A day of fasting from sunrise to sunset is supposed to be observed on the day before Purim (Adar 13). It ostensibly commemorates the fast Mordecai and Esther endured, which Esther instituted among all the Jews, prior to her visit to the king (Esther 4:16). In keeping with Judaism’s system of measure-for-measure reward and punishment, it is the flip side of feasting in celebration of Purim’s outcome: denying pleasure to the body appropriately atones for the transgressions committed by the Jews when they shamelessly indulged their bodies during King Ahasuerus’ banquet.
Fasting was also commonly practiced among Jews whenever they prepared for battle (as with the Persians who had been instructed to massacre them), in remembrance that their strength and victory would come from God.
The fast on Adar 13 became the custom well after other observances were adopted for Purim, possibly as an adaptation of the periodic Monday and Thursday fasts the Jews followed. While it carries less obligation than the fasts ordained in the Tanach[the Hebrew Bible] and others in the Talmud, some Jews , particularly the Persian (Iranian) Jews, have kept it as faithfully, reciting special selichot (penitential) prayers and selections of Torah recited on all other fast days. [The same is true for traditional Jews outside of Iran as well.]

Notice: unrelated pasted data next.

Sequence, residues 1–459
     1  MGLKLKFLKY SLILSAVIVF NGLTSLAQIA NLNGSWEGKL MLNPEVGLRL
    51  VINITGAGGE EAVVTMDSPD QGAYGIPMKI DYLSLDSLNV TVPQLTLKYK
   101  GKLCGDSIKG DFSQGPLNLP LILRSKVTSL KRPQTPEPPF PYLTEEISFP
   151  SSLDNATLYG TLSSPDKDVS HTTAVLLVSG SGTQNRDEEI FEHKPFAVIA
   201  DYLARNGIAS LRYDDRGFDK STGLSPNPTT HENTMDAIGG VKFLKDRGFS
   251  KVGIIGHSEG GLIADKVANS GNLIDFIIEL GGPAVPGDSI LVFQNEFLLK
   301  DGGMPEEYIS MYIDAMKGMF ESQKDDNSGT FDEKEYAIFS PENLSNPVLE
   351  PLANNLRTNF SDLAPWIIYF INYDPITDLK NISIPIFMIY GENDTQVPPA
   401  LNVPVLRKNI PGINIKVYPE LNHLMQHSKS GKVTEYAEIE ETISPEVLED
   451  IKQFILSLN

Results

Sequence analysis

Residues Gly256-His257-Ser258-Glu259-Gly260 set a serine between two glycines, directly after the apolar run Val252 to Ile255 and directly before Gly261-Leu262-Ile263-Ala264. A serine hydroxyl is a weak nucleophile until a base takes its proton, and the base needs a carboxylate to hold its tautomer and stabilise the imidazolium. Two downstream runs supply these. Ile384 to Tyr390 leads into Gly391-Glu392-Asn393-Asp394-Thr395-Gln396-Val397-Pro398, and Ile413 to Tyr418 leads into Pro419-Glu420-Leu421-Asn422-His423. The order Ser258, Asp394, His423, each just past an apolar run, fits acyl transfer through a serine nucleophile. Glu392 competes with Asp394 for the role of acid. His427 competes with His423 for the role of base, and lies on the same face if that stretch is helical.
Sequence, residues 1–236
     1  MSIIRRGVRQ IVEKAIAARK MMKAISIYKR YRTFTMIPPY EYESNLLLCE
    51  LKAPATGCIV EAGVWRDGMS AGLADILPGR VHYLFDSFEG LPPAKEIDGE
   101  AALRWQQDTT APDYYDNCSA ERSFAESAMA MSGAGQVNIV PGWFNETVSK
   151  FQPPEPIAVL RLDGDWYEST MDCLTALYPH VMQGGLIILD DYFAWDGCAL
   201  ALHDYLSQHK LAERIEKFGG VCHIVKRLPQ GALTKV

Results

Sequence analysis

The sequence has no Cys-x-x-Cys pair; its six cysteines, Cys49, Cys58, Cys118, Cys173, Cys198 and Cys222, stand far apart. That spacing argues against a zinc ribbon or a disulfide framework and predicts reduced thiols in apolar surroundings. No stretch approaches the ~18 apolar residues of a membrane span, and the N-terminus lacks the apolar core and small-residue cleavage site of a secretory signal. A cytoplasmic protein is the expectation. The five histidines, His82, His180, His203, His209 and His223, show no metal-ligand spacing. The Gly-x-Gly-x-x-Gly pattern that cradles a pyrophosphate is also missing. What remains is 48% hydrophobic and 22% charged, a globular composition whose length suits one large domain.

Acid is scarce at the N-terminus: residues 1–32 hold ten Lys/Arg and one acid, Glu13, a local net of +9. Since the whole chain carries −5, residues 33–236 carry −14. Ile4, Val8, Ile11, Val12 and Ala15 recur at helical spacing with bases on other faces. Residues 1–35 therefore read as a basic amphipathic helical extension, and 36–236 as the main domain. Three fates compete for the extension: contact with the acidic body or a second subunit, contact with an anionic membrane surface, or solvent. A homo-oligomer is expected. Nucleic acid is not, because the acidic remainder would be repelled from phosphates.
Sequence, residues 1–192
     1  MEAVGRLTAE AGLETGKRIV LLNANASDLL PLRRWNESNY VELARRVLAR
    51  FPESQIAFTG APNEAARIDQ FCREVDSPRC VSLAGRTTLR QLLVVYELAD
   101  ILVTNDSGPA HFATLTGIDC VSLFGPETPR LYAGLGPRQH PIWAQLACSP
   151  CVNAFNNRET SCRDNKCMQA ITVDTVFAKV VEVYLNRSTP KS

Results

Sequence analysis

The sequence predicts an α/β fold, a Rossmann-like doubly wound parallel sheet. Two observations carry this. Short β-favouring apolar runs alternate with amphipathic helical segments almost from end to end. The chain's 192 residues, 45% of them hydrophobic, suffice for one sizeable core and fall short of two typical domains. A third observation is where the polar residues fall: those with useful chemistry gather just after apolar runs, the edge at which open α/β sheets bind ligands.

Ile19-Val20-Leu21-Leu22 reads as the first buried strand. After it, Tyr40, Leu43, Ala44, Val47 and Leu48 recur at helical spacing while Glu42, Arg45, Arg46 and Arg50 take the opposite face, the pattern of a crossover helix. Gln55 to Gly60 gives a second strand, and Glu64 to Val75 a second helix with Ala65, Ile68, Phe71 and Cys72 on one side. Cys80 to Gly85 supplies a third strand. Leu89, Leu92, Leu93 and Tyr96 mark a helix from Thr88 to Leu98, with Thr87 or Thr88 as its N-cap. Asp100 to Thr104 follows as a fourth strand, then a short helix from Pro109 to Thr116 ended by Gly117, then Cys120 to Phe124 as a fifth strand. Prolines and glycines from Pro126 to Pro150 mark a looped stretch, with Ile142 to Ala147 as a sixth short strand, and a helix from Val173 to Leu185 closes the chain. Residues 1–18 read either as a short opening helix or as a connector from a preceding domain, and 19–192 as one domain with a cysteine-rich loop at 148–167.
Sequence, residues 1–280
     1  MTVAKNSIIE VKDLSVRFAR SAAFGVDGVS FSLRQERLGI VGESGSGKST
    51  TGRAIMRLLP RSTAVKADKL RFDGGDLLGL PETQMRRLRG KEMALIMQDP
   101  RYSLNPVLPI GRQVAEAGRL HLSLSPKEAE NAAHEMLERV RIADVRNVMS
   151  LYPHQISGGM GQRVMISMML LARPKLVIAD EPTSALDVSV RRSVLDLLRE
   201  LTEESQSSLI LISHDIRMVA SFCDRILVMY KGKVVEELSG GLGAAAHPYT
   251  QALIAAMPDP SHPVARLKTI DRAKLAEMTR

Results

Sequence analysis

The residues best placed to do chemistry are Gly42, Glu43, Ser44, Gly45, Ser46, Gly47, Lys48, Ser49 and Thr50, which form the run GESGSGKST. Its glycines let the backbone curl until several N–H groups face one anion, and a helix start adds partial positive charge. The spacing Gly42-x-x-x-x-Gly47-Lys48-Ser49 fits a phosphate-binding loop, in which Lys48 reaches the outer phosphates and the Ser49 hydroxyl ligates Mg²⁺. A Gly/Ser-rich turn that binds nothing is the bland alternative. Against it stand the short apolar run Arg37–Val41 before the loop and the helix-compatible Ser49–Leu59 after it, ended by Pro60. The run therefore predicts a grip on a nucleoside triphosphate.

Excerpted with permission from Celebrate! The Complete Jewish Holiday Handbook (Jason Aronson Inc.).
Pronounced: uh-DAHR, Origin: Hebrew, Jewish month usually coinciding with February-March.
Pronounced: PUR-im, the Feast of Lots, Origin: Hebrew, a joyous holiday that recounts the saving of the Jews from a threatened massacre during the Persian period.
Pronunced: TORE-uh, Origin: Hebrew, the Five Books of Moses.
Pronounced: tah-NAKH, Origin: Hebrew, Hebrew Bible (an acronym for Torah, Nevi’im and Ketuvim, or the Torah, Prophets and Writings).